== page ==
The data revolution continues to transform every sector of science, industry and government. Due to the incredible impact of data-driven technology on society, we are becoming increasingly aware of the imperative to use data and algorithms responsibly -- in accordance with laws and ethical norms. In this article we discuss three recent regulatory frameworks: the European Union's General Data Protection Regulation (GDPR), the New York City Automated Decisions Systems (ADS) Law, and the Net neutrality principle, that aim to protect the rights of individuals who are impacted by data collection and analysis. These frameworks are prominent examples of a global trend: Governments are starting to recognize the need to regulate data-driven algorithmic technology. Our goal in this paper is to bring these regulatory frameworks to the attention of the data management community, and to underscore the technical challenges they raise and which we, as a community, are well-equipped to address. The main take-away of this article is that legal norms cannot be incorporated into data-driven systems as an afterthought. Rather, we must think in terms of responsibility by design, viewing it as a systems requirement.
Providing a 360-degree view of a given data item especially for sensitive data is essential towards not only protecting the data and associated privacy but also assuring trust, compliance, and ethics of the systems that use or manage such data. With the advent of GDPR, California Data Privacy Law and such other regulatory requirements, it is essential to support data transparency in all such dimensions. Moreover, data transparency should not violate privacy and security requirements. In this paper, we put forward a vision for how data transparency would be achieved in a de-centralized fashion using blockchain technology.
Governance of misinformation is a serious concern in social media platforms. Based on three case studies, we offer insights on managing misinformation in social media, for the policy agents. These studies are essential, because of misinformation prevalent in the existing social media platforms. Managing misinformation, for instance, fake news, is a challenge for policy makers and the platforms. The paper explores the factors of rapid propagation of misinformation. An average of about 15 lakh tweets were analysed on each of the three different cases surrounding misinformation. This study provides insights for managing misinformation in social media, with a specific focus on cognitive factors that may emerge as drivers of misinformation virality. We highlight findings from three separate case studies focusing on the intrinsic properties of the content, the personality attributes of misinformation propagators, and lastly the network related attributes that facilitate the rapid propagation of misinformation. Findings indicate that these three aspects collectively catalyze the misinformation diffusion and subsequent virality. Policy makers can utilize the findings in this experience study for the governance of misinformation. Tracking and disruption in any one of the identified drivers could act as a control mechanism to manage misinformation propagation.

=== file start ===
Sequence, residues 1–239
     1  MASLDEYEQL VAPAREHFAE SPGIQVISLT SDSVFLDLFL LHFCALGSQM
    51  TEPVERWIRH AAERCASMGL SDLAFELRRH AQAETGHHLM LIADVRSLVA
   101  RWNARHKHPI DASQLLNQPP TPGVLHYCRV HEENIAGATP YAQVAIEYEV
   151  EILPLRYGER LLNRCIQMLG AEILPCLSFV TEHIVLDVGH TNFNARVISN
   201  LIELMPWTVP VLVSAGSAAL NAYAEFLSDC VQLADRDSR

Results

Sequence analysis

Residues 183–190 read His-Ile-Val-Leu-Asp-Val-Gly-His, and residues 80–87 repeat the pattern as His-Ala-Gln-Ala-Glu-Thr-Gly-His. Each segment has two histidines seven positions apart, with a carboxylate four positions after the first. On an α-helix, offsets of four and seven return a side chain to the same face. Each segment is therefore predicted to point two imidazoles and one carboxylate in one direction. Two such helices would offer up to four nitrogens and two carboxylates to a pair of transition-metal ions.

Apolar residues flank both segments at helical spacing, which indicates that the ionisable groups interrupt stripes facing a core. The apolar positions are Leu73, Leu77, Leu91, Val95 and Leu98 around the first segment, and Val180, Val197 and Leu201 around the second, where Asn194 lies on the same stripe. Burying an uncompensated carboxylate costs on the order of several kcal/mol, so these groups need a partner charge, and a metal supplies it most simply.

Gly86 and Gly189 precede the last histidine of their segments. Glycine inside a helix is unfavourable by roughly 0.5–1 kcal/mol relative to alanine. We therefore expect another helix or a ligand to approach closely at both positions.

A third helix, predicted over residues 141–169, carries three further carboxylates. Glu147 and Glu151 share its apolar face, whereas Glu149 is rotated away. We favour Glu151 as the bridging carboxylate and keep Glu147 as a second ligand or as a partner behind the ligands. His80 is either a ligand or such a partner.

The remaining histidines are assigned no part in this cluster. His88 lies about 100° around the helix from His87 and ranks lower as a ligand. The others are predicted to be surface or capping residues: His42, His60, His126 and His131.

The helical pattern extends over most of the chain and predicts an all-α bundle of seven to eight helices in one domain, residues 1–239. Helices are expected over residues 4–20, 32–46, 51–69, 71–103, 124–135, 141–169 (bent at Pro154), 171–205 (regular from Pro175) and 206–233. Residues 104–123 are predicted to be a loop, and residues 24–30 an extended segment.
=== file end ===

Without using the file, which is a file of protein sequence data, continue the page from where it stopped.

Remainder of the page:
Data is a cornerstone of empirical software engineering (ESE) research and practice. It underpins numerous process and project management activities, including the estimation of development effort and the prediction of the likely location and severity of defects in code. Serious questions have been raised, however, over the quality of the data used in ESE. Data quality problems caused by noise, outliers and incompleteness have been noted as being especially prevalent. Other quality issues, although also potentially important, have received less attention. In this study we assess the quality of thirteen datasets that have been used extensively in research on software effort estimation. The quality issues considered in this paper draw on a taxonomy that we published previously based on a systematic mapping of data quality issues in ESE. Our contributions are: 1. an evaluation of the ?fitness for purpose? of these commonly used datasets; and 2. an assessment of the utility of the taxonomy in terms of dataset benchmarking. We also propose a template that could be used to both improve the ESE data collection/submission process and to evaluate other such datasets, contributing to enhanced awareness of data quality issues in the ESE community and, in time, the availability and use of higher quality datasets.